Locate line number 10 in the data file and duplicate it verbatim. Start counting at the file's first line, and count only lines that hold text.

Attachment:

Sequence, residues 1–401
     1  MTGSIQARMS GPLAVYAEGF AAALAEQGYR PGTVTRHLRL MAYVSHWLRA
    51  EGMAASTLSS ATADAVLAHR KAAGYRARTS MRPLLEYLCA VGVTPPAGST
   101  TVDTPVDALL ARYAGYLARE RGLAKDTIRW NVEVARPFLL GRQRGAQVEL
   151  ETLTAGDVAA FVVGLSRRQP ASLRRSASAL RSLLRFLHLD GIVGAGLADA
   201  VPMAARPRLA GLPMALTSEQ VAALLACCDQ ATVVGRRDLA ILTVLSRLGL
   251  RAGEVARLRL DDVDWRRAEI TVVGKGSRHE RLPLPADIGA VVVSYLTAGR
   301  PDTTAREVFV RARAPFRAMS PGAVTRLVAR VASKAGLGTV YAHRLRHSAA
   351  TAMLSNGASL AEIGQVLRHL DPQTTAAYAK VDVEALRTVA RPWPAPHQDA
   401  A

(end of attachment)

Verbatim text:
   401  A